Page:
Lathe of Heaven (film)

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Lathe of Heaven
Lathe of heaven.jpg
Written byUrsula K. Le Guin (Novel)
Alan Sharp (Screenplay)
Directed byPhilip Haas
StarringJames Caan
Lukas Haas
Lisa Bonet
Theme music composerAngelo Badalamenti
Country of originUnited States
Original language(s)English
Producer(s)Mark Winemaker
Editor(s)Jean-François Bergeron
Running time91 mins.
Original networkA&E
Original releaseOctober 29, 2002 (DVD)

Lathe of Heaven is a 2002 television film based on the similarly named science fiction novel by Ursula K. Le Guin and a remake of the 1980 adaptation. It was produced for the A&E network in 2002. The film was written and directed by Alan Sharpe and Philip Haas. It was nominated for the 2003 Saturn Award for Best Single Program Presentation.[1]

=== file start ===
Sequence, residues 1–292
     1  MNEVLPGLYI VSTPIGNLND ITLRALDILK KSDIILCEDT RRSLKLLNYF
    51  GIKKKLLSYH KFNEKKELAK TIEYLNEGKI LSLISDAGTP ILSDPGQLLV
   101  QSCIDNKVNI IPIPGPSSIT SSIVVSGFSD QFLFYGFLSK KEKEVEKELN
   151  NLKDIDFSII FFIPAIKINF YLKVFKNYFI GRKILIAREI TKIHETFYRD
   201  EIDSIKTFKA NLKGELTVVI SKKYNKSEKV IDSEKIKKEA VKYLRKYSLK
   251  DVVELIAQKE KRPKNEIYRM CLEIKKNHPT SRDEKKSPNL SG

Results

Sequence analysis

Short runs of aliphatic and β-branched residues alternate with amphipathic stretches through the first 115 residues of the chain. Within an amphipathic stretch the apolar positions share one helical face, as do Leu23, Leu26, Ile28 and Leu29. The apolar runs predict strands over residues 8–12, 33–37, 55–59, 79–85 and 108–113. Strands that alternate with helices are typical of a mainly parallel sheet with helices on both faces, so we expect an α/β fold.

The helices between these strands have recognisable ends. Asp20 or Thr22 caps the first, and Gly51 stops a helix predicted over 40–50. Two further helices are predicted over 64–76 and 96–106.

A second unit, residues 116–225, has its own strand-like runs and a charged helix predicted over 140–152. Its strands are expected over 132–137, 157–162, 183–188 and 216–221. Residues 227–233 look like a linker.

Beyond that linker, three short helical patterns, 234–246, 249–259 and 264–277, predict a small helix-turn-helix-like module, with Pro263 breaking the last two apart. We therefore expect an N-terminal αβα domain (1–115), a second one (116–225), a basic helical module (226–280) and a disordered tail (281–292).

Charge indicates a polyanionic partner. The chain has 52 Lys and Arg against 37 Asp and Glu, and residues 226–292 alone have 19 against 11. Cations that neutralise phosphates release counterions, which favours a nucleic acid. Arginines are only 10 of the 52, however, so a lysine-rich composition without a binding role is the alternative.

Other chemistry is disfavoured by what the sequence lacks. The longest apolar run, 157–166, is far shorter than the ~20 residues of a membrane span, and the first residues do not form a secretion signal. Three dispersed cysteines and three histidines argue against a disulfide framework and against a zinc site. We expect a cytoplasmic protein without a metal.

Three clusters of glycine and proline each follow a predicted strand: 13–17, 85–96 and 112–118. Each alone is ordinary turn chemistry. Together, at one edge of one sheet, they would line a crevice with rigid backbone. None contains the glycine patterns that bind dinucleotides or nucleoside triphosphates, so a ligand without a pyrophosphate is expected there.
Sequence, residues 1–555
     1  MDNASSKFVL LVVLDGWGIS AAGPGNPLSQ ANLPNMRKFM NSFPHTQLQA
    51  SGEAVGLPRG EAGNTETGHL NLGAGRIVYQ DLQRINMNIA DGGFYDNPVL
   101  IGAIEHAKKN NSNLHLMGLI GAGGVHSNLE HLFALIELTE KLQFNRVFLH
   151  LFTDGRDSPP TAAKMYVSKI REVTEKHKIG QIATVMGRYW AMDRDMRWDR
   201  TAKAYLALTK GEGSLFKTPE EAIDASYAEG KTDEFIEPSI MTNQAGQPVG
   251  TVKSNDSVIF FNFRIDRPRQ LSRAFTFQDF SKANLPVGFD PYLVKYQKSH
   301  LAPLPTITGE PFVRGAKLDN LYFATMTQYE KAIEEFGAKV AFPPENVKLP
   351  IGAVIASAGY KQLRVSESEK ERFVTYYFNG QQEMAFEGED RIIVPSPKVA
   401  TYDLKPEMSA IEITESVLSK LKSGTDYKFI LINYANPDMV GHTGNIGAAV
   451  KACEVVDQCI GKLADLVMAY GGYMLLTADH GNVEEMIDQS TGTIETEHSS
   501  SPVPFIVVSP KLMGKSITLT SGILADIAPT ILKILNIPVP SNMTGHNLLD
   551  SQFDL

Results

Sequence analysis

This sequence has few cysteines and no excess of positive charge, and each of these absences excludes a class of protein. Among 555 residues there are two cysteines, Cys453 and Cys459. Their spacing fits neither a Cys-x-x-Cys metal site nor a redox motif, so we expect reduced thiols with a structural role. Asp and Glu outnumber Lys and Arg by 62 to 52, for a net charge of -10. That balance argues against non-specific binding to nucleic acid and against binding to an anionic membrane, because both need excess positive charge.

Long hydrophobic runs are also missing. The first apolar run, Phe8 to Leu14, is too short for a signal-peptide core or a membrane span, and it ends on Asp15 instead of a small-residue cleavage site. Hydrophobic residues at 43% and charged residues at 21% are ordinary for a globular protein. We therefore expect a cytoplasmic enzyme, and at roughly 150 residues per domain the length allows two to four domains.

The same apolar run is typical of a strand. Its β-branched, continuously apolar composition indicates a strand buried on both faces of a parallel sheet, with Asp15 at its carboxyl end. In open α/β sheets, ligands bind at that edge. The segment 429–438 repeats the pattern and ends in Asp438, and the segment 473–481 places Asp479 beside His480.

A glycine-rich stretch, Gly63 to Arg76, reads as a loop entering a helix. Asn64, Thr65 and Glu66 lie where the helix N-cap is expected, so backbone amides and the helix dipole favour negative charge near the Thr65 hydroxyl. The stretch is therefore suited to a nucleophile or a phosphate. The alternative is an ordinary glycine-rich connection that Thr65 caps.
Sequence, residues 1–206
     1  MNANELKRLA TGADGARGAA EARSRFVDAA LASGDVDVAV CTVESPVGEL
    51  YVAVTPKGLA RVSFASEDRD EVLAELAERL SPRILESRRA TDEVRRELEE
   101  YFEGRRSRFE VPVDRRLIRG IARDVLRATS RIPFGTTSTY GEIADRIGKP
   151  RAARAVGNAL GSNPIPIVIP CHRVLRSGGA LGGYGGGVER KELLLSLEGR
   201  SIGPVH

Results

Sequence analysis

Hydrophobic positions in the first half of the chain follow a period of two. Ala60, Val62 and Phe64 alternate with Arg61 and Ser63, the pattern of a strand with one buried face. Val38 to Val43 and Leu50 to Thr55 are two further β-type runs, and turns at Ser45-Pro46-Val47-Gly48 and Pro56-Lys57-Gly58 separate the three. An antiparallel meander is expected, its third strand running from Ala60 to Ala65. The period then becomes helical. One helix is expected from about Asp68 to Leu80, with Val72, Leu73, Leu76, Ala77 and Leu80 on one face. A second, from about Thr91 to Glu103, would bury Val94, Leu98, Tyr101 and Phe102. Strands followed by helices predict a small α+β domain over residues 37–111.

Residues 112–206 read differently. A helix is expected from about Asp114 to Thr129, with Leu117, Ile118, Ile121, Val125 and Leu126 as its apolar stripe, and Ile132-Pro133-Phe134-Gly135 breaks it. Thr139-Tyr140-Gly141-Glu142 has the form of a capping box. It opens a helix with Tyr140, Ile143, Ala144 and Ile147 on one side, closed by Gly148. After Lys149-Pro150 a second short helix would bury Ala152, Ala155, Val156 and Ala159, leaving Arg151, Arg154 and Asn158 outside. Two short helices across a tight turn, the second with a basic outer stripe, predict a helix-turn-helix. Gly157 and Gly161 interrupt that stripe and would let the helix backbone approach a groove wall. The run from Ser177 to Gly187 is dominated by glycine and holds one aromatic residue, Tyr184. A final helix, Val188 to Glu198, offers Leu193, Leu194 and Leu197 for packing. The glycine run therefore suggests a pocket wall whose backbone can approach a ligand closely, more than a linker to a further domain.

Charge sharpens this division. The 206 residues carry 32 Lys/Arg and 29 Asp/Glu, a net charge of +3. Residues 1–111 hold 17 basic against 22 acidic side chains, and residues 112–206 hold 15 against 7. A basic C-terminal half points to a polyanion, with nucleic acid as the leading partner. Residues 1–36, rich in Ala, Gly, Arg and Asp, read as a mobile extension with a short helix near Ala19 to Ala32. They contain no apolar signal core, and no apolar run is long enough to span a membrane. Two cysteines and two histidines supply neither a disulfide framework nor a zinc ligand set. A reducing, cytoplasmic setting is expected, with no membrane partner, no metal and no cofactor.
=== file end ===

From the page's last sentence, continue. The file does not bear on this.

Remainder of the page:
Lathe of Heaven stars James Caan, Lukas Haas, and Lisa Bonet. Unlike the 1980 adaptation, it discards a significant portion of the plot, some minor characters, and much of the philosophical underpinnings of the book. The alien invasion and the racial equalization were removed for this adaptation.

The film takes place in a futuristic society, where a young man named George Orr (Lukas Haas) overdoses using someone else's pharmacy card. Orr is troubled by his dreams, and is implied to be suicidal because of them. He takes drugs to avoid having these dreams. After he is caught overdosing, his attorney Heather Lelache (Lisa Bonet) sends him to a psychologist as a punishment.

The psychologist, William Haber (James Caan), uses a machine called an "augmentor" to delve deep into Orr's mind. The augmentor looks like a dentist's chair. It is soon obvious that Haber has sinister intentions. He begins to hypnotize Orr into dreaming about a horse in a field. When Orr wakes up from his hypnosis-induced dream, an image of Lady Godiva on a horse is now painted on the wall in the office.

Haber then begins to use Orr's power for his own personal gain. At one point, he changes his status from an M.D. to a highly renowned researcher.


  1. ^ "Lathe of Heaven". Variety. Retrieved 2009-08-09.[dead link]

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